Happy Valentine’s Day from Bright Steps! We traditionally think of Valentine’s Day as a time to show appreciation for our significant others and spouses. But when love is in the air on February 14th, why not share some of it with our children?  Rather than flowers, chocolates and gifts, there are some simple ways to show your children you love them – while improving their physical and mental well-being.

The American Academy of Pediatrics offers 14 Ways to Show Love for Your Child today (and every day!), and here are some of our favorites.

Be a Model of Good Behavior

Always try to remember to use positive language when talking to your children.  They generally don’t understand sarcasm and innuendo the way that adults do.  Also try to practice your please & thank you’s — if you show good manners, it increases the chances of them rubbing off on your children!

Listen, Listen, Listen

Busy is the name of the game for most families day in and day out.  It’s important that you acknowledge your child’s needs, even if you are busy or distracted.  Try to spend at least 30 minutes each day of dedicated time with your child.

Nurture Your Child’s Inner Creative Genius

Encourage time away from technology.  Limit screen time (including cell phones and computers) as much as possible.  Read with your child — even through teenage years! Find books that interest them, and let them try a wide variety of hobbies and activities.  You may have a budding Beethoven or a promising Picasso on your hands!

Get (and keep) Your Children Active

It’s hard during the winter months, but resist the temptation to be inactive or sedentary.  Take a family walk or play outside in the snow.  Or play indoor games — when was the last time you played Twister or charades?

And finally, hug your children and tell them you love them every day!

No explanation needed.

Bonus V-Day Tip

February is also American Heart Month — try a heart-shaped low-fat grilled cheese sandwich on whole wheat bread with tomato soup for a healthy Valentine’s Day lunch!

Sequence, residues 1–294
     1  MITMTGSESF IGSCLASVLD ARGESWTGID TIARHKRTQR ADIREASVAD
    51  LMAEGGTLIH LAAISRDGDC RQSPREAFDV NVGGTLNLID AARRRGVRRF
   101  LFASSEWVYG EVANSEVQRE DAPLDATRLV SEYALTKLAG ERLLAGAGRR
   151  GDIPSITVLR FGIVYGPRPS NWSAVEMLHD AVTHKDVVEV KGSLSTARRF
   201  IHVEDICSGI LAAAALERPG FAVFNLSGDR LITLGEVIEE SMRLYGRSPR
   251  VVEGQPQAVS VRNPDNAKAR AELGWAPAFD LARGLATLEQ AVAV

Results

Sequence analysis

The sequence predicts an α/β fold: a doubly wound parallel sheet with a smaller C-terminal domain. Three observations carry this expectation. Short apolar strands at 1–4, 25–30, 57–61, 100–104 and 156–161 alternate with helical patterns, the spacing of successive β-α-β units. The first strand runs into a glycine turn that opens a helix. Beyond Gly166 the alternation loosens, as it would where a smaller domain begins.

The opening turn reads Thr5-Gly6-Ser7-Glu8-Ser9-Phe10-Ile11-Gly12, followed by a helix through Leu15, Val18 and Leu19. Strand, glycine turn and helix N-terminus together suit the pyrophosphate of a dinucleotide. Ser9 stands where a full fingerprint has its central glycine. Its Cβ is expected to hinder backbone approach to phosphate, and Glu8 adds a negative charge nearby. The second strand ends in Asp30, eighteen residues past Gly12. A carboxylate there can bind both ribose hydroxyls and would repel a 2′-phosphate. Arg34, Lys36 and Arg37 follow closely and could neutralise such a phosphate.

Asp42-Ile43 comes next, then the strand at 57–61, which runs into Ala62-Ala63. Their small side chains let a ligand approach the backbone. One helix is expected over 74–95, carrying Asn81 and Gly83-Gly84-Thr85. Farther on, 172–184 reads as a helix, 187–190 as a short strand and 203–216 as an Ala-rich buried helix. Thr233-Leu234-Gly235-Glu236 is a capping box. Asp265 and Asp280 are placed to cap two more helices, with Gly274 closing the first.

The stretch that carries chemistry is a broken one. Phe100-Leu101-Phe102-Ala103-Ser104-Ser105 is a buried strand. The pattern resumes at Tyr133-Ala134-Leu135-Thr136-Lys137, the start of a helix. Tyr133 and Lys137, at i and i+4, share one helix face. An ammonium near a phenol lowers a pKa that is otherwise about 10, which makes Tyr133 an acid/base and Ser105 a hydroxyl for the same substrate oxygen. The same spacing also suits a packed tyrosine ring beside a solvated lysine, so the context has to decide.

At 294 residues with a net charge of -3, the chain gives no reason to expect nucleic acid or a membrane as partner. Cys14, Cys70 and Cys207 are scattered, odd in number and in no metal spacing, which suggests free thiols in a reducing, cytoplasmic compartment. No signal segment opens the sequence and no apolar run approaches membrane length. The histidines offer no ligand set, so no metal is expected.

More New Year’s Resolutions for the Whole Family (Part Two)

January 4, 2012

Yesterday we shared some simple new year’s resolutions to get your family on track with eating right and boosting activity levels in 2012.  Today, we have a few more resolutions you may want to add to your list.  Changing even small habits like these can make a big impact!


  1. Make sure all family members (including the grown-ups!) are up-to-date with immunizations.  Have you gotten your tetanus booster in the last 5-10 years?
  2. It’s flu season!  Have all members of the household gotten their flu shots? Getting a flu shot each season is hands down the best way to prevent the flu.

Car Safety — Start Young

  1. Teach your family to wear a seat belt each and every time they get into the car. It should be a habit by the time they’re teenagers and driving on their own.
  2. Absolutely NO texting or cell phone use, regardless of state laws. Pull over if you need to make a call or if you’re lost!

Behavior — Good, Better, Best!

  1. Winter is stressful!  Teach your family to take a few deep breaths before reacting if upset or angry.
  2. Always model good behavior in front of your children — they really do absorb everything they see, good and bad.
  3. Make sure you take a few minutes of “me time” every day.

Here’s to making the new year your family’s healthiest!

Dr. Lloyd is moving!

On May 21st, 2018, she joined Portland Pediatrics! Her new office is located at:
Portland Pediatrics- Webster Office
(behind the Holt Road Wegmans)
1110 Crosspointe Lane, Suite D
Webster, NY 14580
Phone: 585.872.3390

New Families

We are accepting new patients! Please call to schedule a "meet and greet" visit to look around the office and ask any questions you have.